We've entered the three-week haze of New York Film Festival screenings. One of the first we caught this week was "Maps to the Stars," David Cronenberg's drama about a circle of interconnected Hollywood denizens who are maniacal about fame. An outlandish couple's (John Cusack and Olivia Williams) young daughter (Mia Wasikowska), an unstable burn victim, lands a gig as the personal assistant to an aging actress (Julianne Moore) while her urchin of a brother (Evan Bird) relishes his child-star spotlight. In between, a lot of odd, creepy things happen.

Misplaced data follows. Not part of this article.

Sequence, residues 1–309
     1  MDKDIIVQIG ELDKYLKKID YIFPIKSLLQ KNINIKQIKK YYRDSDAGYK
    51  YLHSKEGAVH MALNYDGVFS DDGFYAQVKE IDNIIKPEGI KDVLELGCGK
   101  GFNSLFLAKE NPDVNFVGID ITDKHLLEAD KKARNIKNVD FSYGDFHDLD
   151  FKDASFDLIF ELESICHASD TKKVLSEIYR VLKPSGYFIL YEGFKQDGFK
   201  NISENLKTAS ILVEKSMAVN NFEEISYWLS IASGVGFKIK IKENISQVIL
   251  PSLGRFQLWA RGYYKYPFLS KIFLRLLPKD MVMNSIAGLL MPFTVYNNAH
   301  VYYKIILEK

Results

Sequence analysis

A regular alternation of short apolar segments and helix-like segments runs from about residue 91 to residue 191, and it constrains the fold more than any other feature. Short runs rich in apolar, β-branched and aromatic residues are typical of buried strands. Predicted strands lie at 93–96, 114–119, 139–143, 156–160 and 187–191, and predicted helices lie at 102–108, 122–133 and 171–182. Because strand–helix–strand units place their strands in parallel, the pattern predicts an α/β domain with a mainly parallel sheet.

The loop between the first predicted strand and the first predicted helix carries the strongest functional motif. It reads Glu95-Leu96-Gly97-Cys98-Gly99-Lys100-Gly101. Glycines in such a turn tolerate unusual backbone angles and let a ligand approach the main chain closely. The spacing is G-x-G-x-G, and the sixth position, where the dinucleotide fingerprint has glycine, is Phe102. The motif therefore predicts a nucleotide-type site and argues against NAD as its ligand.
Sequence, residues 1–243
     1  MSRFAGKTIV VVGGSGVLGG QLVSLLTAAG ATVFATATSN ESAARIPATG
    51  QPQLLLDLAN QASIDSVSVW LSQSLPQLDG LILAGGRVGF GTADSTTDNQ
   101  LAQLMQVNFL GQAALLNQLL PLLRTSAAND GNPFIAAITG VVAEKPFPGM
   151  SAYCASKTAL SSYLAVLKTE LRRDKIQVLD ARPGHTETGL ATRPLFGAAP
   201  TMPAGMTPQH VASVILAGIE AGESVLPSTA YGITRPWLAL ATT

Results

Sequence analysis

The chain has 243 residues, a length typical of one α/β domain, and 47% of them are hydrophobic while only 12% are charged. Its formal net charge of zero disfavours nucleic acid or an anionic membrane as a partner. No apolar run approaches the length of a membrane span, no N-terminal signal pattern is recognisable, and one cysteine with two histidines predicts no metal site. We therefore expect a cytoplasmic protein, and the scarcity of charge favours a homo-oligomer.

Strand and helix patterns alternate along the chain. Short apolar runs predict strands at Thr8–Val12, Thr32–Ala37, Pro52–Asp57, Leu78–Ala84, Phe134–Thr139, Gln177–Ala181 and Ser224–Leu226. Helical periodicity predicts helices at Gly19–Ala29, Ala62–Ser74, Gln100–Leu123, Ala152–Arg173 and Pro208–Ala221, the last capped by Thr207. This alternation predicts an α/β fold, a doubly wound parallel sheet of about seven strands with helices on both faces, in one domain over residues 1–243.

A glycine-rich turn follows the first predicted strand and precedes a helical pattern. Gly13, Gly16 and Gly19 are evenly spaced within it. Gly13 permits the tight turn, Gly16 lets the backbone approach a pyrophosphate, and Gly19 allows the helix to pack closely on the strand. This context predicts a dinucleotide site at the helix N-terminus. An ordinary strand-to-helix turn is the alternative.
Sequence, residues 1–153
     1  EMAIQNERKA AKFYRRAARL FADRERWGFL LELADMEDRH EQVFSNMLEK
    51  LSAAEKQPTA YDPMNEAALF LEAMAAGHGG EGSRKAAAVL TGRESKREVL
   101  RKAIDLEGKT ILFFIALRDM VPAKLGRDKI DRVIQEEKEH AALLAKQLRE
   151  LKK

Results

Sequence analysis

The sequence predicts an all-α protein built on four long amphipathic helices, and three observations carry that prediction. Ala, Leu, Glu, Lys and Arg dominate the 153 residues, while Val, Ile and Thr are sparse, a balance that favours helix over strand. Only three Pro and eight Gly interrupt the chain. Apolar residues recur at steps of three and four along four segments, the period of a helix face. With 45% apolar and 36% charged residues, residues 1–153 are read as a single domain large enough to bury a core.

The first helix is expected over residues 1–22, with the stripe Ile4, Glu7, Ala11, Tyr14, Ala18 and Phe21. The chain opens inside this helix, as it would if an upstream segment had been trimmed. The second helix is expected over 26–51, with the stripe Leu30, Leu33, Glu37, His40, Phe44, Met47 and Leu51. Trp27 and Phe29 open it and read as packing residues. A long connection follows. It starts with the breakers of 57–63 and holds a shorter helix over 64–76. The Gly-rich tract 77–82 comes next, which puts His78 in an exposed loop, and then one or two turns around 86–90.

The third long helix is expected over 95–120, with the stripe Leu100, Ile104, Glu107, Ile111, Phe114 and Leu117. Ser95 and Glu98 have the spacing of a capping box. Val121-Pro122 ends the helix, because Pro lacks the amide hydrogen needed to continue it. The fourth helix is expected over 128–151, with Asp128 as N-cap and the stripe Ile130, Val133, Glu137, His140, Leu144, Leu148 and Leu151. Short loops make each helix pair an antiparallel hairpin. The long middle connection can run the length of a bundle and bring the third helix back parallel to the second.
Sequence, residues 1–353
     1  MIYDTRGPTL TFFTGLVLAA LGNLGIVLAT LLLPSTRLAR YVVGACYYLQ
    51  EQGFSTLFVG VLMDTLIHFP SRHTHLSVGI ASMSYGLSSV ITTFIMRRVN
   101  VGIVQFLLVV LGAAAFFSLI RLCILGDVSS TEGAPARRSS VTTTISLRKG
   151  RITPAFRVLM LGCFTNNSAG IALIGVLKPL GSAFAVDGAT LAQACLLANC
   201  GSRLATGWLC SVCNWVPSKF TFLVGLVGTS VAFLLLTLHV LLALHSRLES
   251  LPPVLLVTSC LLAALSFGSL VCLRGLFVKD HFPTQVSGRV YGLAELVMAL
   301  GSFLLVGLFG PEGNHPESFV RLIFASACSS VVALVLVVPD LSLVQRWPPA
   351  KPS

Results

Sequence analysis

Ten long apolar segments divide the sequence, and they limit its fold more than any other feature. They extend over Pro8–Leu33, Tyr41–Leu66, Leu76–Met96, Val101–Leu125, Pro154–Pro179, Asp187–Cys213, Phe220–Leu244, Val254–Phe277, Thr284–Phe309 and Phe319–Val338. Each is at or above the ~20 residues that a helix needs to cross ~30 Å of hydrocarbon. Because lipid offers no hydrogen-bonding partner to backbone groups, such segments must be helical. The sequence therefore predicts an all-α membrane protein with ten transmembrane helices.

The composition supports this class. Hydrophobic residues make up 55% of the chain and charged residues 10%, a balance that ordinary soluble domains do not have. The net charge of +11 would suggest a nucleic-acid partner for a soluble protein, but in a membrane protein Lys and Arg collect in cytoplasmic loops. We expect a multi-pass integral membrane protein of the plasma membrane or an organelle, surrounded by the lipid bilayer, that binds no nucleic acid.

While "Map to the Stars" seemingly lacked a cohesive message, two editors for HuffPost Entertainment, Matthew Jacobs and Erin Whitney, had plenty of thoughts about the film. There are plenty of spoilers ahead.
Jacobs: Wow. Leaving the Walter Reade Theatre after our "Maps to the Stars" press screening on Wednesday, I could have sworn I'd swallowed the cocktail of prescription meds that Mia Wasikowska's schizophrenic burn victim gobbles up. The movie tries to be a symposium of ideas about fame and reconciling one's stormy past, but instead its pretentious nonsense left my head swimming. Brimming with Cronenberg's signature closeups, the actors and agents and wannabe screenwriters and momagers and Carrie Fishers in "Maps to the Stars" think they're saying a lot even though the opaque plot unfurls with the same maddening vacancy that made me dislike "Vanilla Sky" years ago.